How to Name Projects On Your Interior Design Website
It’s a question that comes up on almost every website build. How should you name your interior design projects?
Should you go with that old chestnut—street names? (Spoiler: No, you shouldn’t. See below.)
Should you play it safe (and unmemorable) with descriptors like “Transitional Home” and “Traditional Residence”?
I’m so sorry to do this but: No street names.
But only because we also recommend putting the project’s location on the page. And that much information—city + street name—is more than enough to violate your client’s privacy.
No one likes that and, especially when you’re working with clients who have a higher net worth…discretion should be part of what you’re offering.
(Why do we recommend putting the project’s location—city or general region only—on the project page? Two reasons: Search engine optimization and to signal to humans…”Look! We work in your area!”)
Every project name should be different. Chances are, you’re on board with this.
But why is it a must?
Not because someone is paying attention (they really aren’t) but because potential clients may identify projects by name when speaking with you. Give them an easy way to do that.
There just aren’t endless words for ‘home’ or ‘residence’. The supply is finite.
So if you start painting yourself into a corner with ‘(adjective) Residence’ and ‘(other adjective) Home’ structure…you’ll run out of options quickly. Stay loose. Give yourself room to play in the future.
Sure, they should be short…because almost everything on the internet is made for quick, easy consumption. But this is also for looks—the page will be prettier with fewer words.
(And yes, there’s a part of me that wants to see a portfolio stacked with poetic, lengthy titles like that one album Fiona Apple put out in the late 90s…but you would need a very specific kind of brand for that.)
Originality (to a Point)
Do you need to crack the internet wiiiiide open with your project names? Do you need to make a splash with your naming conventions? No, my friend. Thankfully, you do not.
But this IS a branding opportunity. You can choose to get a little bit rock ‘n roll with your tone—or nostalgic or romantic or whatever you like. Because, as we’ll discuss below, you actually have complete goshdarn freedom when naming your projects.
6 Possible Structures
FOCUS ON: STYLE
Yes, you can start with style as your jumping-off point, but keep it loose.
Linda at LW Interiors has a deep well of love and knowledge when it comes to the historical aspect of design—and it shows in her project names.
The style of the home itself pops up…but not always! As mentioned above, keep your naming convention loose to give the portfolio room to grow.
On the Fuller Interiors portfolio, the Fuller team includes project names like ‘Haute Historical’—mixing things up by leaving out the obligatory noun (residence, house, etc.).
FOCUS ON: COLOR
Claire Jefford loves color (or, as she and her fellow Canadians say, colour) and that messaging is all over the brand.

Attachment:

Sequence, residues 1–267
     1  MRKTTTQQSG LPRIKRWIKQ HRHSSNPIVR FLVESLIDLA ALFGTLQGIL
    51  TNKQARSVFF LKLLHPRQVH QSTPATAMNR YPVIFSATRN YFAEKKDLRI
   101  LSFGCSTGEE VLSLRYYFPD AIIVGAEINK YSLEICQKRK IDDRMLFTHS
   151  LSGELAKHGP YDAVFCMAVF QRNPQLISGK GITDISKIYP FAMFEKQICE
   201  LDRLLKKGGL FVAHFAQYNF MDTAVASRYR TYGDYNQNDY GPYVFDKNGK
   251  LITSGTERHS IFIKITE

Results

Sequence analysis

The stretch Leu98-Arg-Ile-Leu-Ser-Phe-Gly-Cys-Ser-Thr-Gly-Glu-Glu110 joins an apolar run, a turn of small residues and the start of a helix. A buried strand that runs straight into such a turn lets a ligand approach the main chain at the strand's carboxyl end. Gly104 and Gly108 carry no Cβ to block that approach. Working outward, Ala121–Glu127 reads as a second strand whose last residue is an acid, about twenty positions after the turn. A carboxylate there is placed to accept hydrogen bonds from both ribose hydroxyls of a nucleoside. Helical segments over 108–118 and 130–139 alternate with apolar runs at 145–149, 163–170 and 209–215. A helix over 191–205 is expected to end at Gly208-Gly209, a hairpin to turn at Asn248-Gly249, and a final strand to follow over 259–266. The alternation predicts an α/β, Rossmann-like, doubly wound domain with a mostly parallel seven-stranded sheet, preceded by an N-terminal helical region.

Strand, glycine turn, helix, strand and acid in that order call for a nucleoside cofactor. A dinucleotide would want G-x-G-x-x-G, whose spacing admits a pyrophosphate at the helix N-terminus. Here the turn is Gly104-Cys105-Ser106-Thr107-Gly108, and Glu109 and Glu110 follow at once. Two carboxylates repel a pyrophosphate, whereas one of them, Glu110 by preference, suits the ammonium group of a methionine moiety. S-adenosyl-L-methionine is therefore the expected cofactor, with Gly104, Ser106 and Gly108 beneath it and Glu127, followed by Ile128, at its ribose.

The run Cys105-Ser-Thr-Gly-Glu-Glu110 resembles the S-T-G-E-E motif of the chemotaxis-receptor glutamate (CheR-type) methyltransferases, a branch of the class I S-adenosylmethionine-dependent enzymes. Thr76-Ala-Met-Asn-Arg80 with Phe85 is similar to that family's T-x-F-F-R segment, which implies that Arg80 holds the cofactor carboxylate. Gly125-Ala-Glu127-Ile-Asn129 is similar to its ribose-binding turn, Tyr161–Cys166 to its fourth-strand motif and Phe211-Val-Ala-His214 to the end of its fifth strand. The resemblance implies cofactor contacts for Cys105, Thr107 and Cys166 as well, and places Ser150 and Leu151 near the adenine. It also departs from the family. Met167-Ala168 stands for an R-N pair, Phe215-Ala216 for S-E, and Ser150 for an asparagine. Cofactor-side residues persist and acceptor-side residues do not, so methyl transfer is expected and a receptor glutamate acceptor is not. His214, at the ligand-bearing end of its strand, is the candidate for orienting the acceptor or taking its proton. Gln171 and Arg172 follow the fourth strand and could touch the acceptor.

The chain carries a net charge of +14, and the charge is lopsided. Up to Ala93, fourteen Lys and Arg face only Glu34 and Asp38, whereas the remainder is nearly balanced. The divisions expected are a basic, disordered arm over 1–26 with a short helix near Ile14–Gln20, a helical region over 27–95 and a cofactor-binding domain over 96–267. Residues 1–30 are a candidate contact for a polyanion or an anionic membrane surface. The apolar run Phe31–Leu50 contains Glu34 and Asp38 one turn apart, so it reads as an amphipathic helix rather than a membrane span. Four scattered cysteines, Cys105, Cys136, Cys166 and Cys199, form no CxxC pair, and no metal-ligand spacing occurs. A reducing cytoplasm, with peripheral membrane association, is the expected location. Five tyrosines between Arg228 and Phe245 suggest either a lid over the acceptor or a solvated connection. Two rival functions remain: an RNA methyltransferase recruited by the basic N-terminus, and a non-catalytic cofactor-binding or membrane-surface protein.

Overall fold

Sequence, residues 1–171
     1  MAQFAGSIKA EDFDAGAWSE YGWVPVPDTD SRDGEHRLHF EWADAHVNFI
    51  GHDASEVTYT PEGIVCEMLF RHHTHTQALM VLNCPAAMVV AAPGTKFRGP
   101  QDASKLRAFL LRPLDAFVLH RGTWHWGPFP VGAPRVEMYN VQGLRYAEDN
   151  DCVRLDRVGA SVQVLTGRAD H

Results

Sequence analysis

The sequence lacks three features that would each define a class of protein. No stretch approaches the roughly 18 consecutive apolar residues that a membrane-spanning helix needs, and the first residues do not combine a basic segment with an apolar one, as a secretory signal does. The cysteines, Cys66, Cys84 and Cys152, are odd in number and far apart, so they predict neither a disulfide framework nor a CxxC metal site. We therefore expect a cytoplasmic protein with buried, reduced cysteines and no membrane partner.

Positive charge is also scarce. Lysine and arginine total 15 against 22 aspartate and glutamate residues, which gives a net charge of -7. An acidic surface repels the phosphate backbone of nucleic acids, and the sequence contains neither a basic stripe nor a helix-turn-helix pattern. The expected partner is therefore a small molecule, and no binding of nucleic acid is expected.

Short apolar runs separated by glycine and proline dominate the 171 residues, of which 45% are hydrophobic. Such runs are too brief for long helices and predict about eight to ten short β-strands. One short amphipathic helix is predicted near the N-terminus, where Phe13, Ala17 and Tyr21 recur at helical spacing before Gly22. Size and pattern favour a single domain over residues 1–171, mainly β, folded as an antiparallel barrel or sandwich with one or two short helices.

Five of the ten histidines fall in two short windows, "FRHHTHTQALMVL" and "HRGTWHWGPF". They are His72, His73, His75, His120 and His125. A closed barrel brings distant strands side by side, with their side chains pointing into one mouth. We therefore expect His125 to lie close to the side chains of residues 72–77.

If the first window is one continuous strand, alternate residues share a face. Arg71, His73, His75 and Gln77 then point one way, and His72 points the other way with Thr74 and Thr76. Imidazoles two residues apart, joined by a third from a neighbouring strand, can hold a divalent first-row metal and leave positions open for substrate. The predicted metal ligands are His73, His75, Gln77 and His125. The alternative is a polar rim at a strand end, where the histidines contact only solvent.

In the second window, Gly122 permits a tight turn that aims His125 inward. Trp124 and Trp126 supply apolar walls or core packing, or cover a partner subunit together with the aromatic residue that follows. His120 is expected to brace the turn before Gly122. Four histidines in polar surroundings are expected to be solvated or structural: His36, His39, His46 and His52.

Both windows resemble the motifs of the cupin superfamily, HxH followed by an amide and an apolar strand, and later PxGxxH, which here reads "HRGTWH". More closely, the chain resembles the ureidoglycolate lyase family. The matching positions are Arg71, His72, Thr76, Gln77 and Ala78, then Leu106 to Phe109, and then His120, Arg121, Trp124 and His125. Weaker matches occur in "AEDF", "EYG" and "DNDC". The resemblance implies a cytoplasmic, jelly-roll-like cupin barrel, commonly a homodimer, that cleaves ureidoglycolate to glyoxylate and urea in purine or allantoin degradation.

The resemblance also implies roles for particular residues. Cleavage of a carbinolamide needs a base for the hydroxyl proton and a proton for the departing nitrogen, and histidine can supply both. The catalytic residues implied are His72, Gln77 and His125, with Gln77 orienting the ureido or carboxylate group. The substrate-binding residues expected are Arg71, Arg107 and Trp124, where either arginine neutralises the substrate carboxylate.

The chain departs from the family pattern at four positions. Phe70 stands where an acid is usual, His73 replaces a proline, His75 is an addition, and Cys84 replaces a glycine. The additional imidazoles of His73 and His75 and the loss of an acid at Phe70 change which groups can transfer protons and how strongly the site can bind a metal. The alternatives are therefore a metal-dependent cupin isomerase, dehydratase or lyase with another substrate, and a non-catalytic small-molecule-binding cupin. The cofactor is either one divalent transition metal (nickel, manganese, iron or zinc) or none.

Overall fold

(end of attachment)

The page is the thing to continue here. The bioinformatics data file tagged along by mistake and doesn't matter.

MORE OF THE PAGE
Her Youtube channel and blog are full of educational videos on paint colors, viewers can purchase ‘Perfect Colour Palettes’ to DIY their paint plan, and the project names on her portfolio of full-service design work are an ode to color.
FOCUS ON: FEELING
How does each space make the client feel? What was the goal—moodwise? If the emotional aspect of design is a focus for your firm, this angle might be an elegant solution.
Jenn O’Brien Interiors has a portfolio with project names that achieve two things nicely—a distinct, light brand voice and a description of a feeling.
The project names for Karin Eckerson Interiors are varied and unique—with a mix of feeling-focused names (“Tailored Calm” and “A Place to Talk”) and style-focused names. A good example of what happens when you feel free to keep it loose and vary your approach.
FOCUS ON: A DETAIL
If you’re looking for total creative license and a sense of variety, choose a single detail from each project and use that as your inspiration.
For Liepold Design Group, the project names focus on individual elements from each—from the art to the home’s history to durability. All elements are fair game and that creates a lot of interesting opportunities for project names.
FOCUS ON: THE NUMBERS
If the goal is to identify each project, you don’t need to use words. You could use numbers, letters, or even symbols.
HB Design is a French Canadian design firm with an elegant, clean aesthetic—and her project names are perfectly aligned with that approach. Just simple, beautiful, and brief.
FOCUS ON: THING + THING
Feel free to get a bit artistic or abstract with the structure.
Juliette Calaf Interiors keeps it interesting with a mix of phrasing throughout their portfolio. It’s as light, bright, and unique as her work.
Your interior design project names speak in the tone of your brand.
They can be casual or formal, fun or serious, flowery or streamlined. Enjoy the process—and try to see them through the eyes of the most important audience—your potential client.
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